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Tuesday's Mini-Report, 3.29.16

Today's edition of quick hits.
Today's edition of quick hits:
* This could have been much worse: "A hijacker who took dozens of hostages aboard a commercial jet over what appeared to be a 'personal' matter involving a woman was arrested after an hours-long standoff Tuesday, authorities said."
* President Obama touted new proposals at the National Rx Drug Abuse & Heroin Summit: "The Obama administration on Tuesday announced a series of initiatives aimed at curbing America's opioid addiction epidemic, steps that would make it easier to obtain medication-assisted treatment, expand Medicaid coverage for mental health and substance-abuse care and increase use of a drug that saves people from overdoses."
* An unexpected move in the contraception fight: "Many observers left last week's contraceptive coverage oral argument at the Supreme Court convinced that the court was headed to a 4-4 tie, with Justice Anthony Kennedy siding with the religious objectors opposing the Obama administration's plan to cover their female employees' contraception. On Tuesday, less than a week after oral argument, the court surprised everyone with a two-page order asking the parties for more information on their positions."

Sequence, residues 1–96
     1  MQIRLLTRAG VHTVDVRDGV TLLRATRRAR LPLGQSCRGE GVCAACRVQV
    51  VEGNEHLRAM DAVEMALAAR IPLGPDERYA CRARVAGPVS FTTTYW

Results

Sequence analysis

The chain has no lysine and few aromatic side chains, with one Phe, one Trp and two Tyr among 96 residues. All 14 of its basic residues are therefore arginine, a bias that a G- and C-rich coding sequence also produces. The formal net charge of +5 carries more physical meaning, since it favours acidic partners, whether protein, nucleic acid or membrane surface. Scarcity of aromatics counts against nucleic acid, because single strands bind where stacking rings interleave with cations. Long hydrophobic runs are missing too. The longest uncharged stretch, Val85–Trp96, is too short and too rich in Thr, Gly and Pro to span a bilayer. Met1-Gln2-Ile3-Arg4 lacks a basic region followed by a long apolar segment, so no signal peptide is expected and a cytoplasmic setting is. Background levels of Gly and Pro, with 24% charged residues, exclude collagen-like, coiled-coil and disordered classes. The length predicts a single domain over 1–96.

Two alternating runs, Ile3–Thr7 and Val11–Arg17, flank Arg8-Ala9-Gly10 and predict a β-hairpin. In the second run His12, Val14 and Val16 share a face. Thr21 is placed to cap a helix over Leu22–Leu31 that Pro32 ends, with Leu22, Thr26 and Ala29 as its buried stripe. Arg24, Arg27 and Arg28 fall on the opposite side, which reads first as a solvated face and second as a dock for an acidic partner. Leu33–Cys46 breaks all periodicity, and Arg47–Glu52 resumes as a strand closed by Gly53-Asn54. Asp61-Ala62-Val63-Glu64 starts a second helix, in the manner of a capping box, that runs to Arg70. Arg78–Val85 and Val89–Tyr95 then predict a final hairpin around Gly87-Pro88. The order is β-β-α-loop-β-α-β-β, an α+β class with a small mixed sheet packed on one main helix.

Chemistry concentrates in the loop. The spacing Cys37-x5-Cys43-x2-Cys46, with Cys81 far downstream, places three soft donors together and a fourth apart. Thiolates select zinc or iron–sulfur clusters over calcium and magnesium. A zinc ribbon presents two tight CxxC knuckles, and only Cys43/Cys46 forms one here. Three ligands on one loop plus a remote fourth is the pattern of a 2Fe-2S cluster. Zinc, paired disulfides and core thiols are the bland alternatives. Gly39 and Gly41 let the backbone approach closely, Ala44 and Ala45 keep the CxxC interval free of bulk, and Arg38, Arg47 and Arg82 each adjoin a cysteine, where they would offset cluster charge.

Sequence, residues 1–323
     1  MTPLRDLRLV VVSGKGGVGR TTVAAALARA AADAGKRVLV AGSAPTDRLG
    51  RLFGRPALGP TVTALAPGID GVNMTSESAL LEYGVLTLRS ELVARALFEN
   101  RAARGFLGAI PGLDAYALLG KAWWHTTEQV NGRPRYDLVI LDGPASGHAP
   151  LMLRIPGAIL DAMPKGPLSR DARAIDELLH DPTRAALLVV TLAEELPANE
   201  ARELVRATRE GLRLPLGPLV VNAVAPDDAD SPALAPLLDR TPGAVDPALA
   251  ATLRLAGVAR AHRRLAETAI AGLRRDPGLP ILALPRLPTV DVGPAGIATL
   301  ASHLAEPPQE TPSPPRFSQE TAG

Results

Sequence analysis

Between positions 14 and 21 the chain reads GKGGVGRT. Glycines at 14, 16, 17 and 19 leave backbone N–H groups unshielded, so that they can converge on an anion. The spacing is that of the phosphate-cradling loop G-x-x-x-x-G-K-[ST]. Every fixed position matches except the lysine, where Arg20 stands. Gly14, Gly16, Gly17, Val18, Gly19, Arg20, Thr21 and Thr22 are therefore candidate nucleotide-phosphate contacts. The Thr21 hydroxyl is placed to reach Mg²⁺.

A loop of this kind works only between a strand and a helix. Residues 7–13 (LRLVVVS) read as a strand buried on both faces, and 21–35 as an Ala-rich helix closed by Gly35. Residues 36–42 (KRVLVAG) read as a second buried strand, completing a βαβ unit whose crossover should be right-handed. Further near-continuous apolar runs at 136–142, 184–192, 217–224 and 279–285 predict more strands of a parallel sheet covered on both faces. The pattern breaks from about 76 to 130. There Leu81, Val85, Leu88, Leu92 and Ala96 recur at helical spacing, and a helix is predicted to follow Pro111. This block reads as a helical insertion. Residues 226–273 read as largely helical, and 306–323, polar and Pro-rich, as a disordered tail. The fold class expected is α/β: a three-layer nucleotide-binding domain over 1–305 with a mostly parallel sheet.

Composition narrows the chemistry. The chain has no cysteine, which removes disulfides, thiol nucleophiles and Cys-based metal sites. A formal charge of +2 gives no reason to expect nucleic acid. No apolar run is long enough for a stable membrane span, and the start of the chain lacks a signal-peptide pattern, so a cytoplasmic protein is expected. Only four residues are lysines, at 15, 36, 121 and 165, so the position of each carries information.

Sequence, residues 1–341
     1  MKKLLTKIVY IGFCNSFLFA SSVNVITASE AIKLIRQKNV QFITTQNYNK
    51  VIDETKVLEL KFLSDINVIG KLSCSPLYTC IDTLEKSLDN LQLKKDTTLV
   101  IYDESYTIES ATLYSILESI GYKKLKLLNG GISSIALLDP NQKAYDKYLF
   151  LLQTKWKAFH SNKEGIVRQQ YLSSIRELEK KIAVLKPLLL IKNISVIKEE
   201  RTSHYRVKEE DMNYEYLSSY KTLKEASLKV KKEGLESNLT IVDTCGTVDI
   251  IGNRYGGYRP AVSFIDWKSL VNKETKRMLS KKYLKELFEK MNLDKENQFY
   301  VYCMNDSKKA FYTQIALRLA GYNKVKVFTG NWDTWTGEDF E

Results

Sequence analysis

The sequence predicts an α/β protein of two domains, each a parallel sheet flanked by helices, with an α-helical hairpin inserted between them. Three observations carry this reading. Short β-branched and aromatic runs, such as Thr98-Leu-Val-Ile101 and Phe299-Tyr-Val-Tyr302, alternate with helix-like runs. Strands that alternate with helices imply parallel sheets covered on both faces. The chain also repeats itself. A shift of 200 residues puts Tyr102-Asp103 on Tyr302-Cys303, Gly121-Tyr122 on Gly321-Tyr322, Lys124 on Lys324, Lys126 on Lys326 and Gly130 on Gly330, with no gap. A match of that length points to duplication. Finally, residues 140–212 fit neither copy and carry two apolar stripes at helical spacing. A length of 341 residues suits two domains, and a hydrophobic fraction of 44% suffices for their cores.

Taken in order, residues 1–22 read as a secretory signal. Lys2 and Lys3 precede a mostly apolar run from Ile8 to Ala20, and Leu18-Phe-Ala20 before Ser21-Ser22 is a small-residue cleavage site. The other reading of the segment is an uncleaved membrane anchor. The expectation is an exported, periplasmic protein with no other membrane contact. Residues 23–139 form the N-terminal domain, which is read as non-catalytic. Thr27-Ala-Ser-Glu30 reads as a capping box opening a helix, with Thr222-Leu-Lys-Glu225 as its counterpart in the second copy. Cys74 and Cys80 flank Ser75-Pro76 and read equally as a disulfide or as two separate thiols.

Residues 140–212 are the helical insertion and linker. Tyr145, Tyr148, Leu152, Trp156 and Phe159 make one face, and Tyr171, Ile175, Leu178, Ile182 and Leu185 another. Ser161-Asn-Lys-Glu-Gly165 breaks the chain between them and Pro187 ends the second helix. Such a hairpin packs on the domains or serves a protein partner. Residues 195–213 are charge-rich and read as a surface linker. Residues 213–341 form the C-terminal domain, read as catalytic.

* The end of a very high-profile dispute: "The Justice Department has asked to drop the court order that it wanted to use to compel Apple to help unlock an iPhone used by San Bernardino, California, attacker Syed Farook, saying it has gotten data off the device without the company's help."
* Good for him: "North Carolina's new law limiting LGBT protections is a 'national embarrassment,' and the state's lawyers won't defend it against a federal challenge from gay rights advocates, Attorney General Roy Cooper announced Tuesday."
* Utah: "Republican Gov. Gary Herbert has approved a bill that makes Utah the first state to require doctors to give anesthesia to women having an abortion at 20 weeks of pregnancy or later. The proposal is based on the disputed premise that a fetus can feel pain at that point."
* Another possible step backwards: "The Mississippi House wants to allow the state to execute prisoners using a firing squad if officials decide lethal injection is too expensive or unavailable."
* When the evidence points in a direction you don't like, it must be time to change the evidence: "State lawmakers blasted the state surgeon general in January for cutting staff and spending at a time when new HIV cases were spiking in Florida. A month later, the Florida Department of Health quietly revised its figures. The department's division of disease control lowered the number of new HIV cases ... erasing one in four new infections from the rolls that year, state records show."
Anything to add? Consider this an open thread.